Does this sound like you?
You've just replaced the rear brake shoes and cylinders, attempted to bleed the system, and *BANG*, the pedal goes straight to the floor. The master cylinder has just given up the ghost. You ring the customer and explain that the car won't be ready until you source and fit another cylinder, and you tell them the job will be twice as much as you originally expected.
The new cylinder turns up when you're absolutely flat out; you bang the cylinder on and try bleeding at the wheels, but can't get a good pedal. The customer is waiting for the car, but the cylinder just won't bleed up. Is it a dud cylinder, or is air in the system? In 99% of the cases it is air in the system, and it is the bleeding technique that is causing the problem.
Here are some handy hints that will hopefully prevent this from happening and save you some valuable time.
Nobody likes doing it, and everybody says they've been fitting master cylinders for forty years and have never needed to do it, but believe it or not, it is worthwhile bench bleeding a cylinder before fitment. Why? Well, air obviously gets trapped in a master cylinder and the fastest way of getting rid of that air is simply to do it on the bench. It makes it a lot easier to remove the air from the lines if you?re starting with a properly bled master cylinder.
The best way to bench bleed a cylinder is to fill the fluid reservoir with brake fluid, and attach return hoses from the outlet ports to recycle the fluid back into the reservoir as the push rod is stroked. Alternatively, if you have no access to return pipes, you can stroke the cylinder in the vice, putting your fingers over the outlet ports as the piston returns. Keep going until a steady flow of fluid comes out of each port. Then put plugs in the ports and fit the cylinder to the vehicle.
The next stage of bleeding is to bleed the system at the pipes on the master cylinder. This removes air from what is usually the highest point in the system. To do this, have an assistant in the car, crack all outlet pipes then depress the pedal. Do the pipes up before the pedal is released. Keep repeating this procedure until no air is present.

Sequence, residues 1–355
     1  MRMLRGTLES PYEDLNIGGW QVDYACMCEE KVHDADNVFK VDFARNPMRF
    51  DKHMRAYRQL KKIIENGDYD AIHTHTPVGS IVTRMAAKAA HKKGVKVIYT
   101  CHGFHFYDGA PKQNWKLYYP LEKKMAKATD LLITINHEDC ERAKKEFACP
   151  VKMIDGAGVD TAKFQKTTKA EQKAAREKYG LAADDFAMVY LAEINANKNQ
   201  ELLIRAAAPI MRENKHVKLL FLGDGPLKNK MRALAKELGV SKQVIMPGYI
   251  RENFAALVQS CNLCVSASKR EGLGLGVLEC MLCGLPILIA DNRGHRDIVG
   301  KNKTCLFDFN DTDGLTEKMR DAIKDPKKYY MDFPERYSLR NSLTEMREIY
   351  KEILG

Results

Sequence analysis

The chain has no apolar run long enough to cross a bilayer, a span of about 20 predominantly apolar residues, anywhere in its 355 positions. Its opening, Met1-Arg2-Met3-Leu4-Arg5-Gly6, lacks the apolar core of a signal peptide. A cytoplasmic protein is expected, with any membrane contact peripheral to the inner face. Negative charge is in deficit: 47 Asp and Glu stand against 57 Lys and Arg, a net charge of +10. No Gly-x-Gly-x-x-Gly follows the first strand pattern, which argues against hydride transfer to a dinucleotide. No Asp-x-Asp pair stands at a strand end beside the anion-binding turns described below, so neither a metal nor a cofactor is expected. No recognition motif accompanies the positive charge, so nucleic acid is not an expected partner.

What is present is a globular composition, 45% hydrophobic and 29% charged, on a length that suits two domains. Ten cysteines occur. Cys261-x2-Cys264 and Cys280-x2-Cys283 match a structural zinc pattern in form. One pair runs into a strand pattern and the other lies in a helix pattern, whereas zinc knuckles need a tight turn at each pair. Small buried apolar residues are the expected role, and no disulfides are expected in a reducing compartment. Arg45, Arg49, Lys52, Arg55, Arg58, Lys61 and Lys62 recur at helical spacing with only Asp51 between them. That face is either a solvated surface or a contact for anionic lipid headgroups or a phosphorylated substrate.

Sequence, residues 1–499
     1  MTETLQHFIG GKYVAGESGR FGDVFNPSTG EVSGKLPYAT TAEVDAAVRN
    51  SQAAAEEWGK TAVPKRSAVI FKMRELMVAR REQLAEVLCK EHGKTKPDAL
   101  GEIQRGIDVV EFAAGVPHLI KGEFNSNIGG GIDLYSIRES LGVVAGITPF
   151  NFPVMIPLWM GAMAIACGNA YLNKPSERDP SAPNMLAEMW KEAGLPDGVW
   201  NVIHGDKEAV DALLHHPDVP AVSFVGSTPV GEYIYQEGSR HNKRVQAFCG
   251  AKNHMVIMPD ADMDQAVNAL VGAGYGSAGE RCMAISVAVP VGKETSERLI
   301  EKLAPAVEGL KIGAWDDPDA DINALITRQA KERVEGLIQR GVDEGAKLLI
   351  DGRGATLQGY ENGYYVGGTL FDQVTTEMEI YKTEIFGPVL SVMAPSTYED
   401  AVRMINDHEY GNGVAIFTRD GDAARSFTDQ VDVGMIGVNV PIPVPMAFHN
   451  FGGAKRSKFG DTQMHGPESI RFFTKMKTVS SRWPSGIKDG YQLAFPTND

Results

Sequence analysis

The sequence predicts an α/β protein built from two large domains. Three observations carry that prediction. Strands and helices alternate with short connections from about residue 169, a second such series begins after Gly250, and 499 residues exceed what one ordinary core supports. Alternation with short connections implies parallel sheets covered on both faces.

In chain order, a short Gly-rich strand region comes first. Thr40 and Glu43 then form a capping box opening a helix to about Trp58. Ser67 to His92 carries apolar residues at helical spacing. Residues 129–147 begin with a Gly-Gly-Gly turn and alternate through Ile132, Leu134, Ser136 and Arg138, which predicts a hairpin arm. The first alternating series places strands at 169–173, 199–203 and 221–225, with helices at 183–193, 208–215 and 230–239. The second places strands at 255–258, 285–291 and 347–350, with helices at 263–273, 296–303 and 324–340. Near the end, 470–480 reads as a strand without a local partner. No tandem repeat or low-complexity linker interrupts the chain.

Now it is time to go to the wheels. There are three commonly used bleeding techniques which all have their advantages and disadvantages: pressure bleeding, manual bleeding and vacuum bleeding.
This method requires the use of a pressure bleeding unit, such as the Partswise® Bleedpro system. The unit pressurizes the fluid in the reservoir, and the bleeders are opened in a sequence until no air is left in the system. There are 2 main advantages with pressure bleeding. First and foremost, it is fast, and one person can do the job. Secondly, pressure bleeding has an advantage when used on older vehicles that have had little maintenance. The master cylinder does not have to be stroked to push fluid through the system. On an older car there is sure to be corrosion and dirt inside the master cylinder. Stroking the pedal to the floor moves the piston deep into the master cylinder where it would otherwise never travel. The seals may pick up dirt and be damaged. Pressure bleeding avoids this.
This method requires the use of the brake pedal and master cylinder as a pump to expel air and brake fluid from the system. This method is usually a 2 man operation. Starting at the wheel that is determined by the proper bleeding sequence for the vehicle being worked on (you will probably need a manual or database for this,) one person opens (during the pedal operation) and closes (prior to pedal release) the bleeder screws and observes the air bubbles while the assistant pumps the pedal slowly. Usually the fluid is bled through a piece of clear plastic hose into a jar with fluid at the bottom. Keeping one end of the hose inserted in the fluid will prevent air getting into the system when the bleeder is open. To ensure no air can be sucked back into the system, the bleeder screw must be closed at the end of each stroke, before the pedal is released.
Vacuum bleeding can be done by one person. Vacuum bleeders usually utilize shop air pressure and a venture principle to suck fluid from the bleeder. Vacuum bleeding does have drawbacks in that it can allow air to be drawn in past the seals, thus creating more problems.
To sum up this article on bleeding, all methods have their good and bad points. Some methods work better on certain models than others. Sometimes manual bleeding won?t be enough to remove a stubborn pocket of air and pressure bleeding will be required. Whichever method is used to bleed at the wheels, always remember it is best to bench bleed the cylinder first. Also remember to fit bleed screw caps when finished. These are available in packs of 20 from NBS, and mean next time the car is due for maintenance the bleed screws will be fresh and clean.